Home Education Magazine
January-February 1997 - Articles
Becoming Unschoolers - Janet Keip
Becoming unschoolers has not been an easy transition for us. Yet, like most difficult journeys, it has been worth the effort.
We stumbled into homeschooling six years ago. Our daughter was then five. Unable to relinquish that tired, but familiar school model, we harbored visions of quiet, "Norman-Rockwell-ish" teaching moments. Our daughter, Jaime, would be caught up in the throes of learning as I, the teaching parent, would earnestly ladle knowledge into her empty little head. In my arrogant innocence, I called those times "planned learning encounters" in our education plan for that year .
They were a bust. We collided violently with barrier number one at our very first planned learning encounter.
"Jaime, honey, time to begin our very first day of 'school'."
"You go ahead, Mom. I want to finish this right now then I'm going out to trampoline." Jaime replied.
"But, dear, its our very first day. Don't you want to try some of these nice books and colored rods we got for you?" I coaxed.
"No, thanks, Mom. Maybe later," she placated.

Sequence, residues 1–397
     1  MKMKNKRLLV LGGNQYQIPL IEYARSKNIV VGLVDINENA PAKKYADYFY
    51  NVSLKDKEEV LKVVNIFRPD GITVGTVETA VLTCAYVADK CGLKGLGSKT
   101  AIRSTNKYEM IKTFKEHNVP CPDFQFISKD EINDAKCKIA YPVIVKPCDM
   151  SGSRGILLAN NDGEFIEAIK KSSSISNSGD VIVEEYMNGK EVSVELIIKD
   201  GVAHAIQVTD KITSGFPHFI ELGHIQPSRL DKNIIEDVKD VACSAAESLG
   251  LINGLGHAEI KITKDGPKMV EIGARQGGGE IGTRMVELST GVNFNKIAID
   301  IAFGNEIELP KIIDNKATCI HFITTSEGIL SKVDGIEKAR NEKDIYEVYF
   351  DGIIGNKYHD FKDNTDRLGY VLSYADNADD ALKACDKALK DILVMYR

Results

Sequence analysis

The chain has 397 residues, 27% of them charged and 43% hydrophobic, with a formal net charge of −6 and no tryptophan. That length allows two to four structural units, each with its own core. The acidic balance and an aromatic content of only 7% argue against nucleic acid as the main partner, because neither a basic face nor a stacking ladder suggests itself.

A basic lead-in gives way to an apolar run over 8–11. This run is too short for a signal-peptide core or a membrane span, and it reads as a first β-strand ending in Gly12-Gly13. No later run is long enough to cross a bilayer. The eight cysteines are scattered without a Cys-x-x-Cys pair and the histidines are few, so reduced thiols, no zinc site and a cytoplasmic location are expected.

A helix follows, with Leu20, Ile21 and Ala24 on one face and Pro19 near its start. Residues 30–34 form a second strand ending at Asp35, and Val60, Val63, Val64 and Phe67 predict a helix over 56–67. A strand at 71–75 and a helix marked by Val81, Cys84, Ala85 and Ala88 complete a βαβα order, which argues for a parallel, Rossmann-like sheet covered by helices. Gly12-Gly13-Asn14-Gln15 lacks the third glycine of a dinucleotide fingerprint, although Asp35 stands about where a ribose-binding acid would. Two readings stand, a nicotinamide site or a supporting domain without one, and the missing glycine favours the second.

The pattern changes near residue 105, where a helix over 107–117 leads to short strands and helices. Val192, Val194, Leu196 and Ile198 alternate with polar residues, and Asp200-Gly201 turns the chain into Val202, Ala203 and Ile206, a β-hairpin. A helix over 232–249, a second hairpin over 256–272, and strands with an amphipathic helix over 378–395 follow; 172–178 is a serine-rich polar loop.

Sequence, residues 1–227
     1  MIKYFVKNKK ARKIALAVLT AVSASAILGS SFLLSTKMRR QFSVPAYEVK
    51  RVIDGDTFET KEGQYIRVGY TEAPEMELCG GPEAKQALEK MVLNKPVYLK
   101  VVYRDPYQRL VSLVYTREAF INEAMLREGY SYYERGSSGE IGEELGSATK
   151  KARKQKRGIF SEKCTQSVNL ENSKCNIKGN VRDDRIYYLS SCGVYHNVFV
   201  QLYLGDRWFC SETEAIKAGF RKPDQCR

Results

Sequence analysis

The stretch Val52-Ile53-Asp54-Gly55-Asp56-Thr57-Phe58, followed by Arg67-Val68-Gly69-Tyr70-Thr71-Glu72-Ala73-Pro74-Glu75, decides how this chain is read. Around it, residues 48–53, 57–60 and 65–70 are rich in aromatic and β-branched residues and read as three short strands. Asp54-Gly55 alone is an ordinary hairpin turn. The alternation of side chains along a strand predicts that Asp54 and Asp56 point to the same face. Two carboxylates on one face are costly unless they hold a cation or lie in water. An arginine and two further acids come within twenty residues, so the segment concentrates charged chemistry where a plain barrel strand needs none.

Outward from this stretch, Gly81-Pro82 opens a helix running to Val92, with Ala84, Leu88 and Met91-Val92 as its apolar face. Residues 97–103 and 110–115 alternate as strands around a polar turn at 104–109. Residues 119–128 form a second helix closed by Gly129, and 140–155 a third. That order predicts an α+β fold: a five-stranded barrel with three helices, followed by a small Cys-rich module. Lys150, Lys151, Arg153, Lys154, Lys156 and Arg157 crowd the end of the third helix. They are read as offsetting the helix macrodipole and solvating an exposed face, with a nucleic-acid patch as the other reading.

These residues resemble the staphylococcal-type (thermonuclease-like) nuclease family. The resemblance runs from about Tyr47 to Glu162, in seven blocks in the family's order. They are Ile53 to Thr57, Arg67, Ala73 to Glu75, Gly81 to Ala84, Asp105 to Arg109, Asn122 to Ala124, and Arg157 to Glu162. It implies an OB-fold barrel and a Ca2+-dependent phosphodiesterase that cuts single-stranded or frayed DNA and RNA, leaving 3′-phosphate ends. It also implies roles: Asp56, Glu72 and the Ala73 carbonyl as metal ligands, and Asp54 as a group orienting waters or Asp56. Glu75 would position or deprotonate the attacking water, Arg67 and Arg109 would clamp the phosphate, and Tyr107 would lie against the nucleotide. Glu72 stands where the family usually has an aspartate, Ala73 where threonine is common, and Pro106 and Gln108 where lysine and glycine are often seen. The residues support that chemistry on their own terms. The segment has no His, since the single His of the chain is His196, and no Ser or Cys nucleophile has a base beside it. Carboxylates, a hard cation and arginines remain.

"Jaime, I want you to do this NOW - before you go outside." I stated firmly and just a little tersely. And the conversation rapidly escalated into a heated exchange. I don't recall if Jaime ever did sit down and do "school" that very first day but if she did, it undoubtedly ended in tears and angry recriminations as did most of our "school days". After a few such encounters, I finally said, "Oh well, she is young and we can start next year when she is more mature." Yet, while my words were relaxed, I could hear the clock loudly ticking. I harbored a deep fear of her falling behind, never able to catch up. Her young friends began to read and do math problems. By January, these friends were all writing stories in beautifully even manuscript printing. Some were even writing books. Jaime, when she deigned to write at all, insisted on using a clumsy block printing - capital letters only, no lower case for her, thank-you very much! Math - well, that was something you did in your head for fun or to play games with, but number facts were boring. Writing numerals - ughh! Worse yet, I worried that she was learning disabled.
Oh well, I would reassure myself, she could catch up if only we would just apply ourselves. We needed some structure, needed to make a plan and stick to it. And so it went each year. September would begin with wonderful plans, fresh new materials (and a fresh vision that this would be the year we would be successful "doing school"). By November we were losing it, spending more time in tears, recriminations and frustration than learning. I would shelve our plans until January, at which time we would begin the whole process again.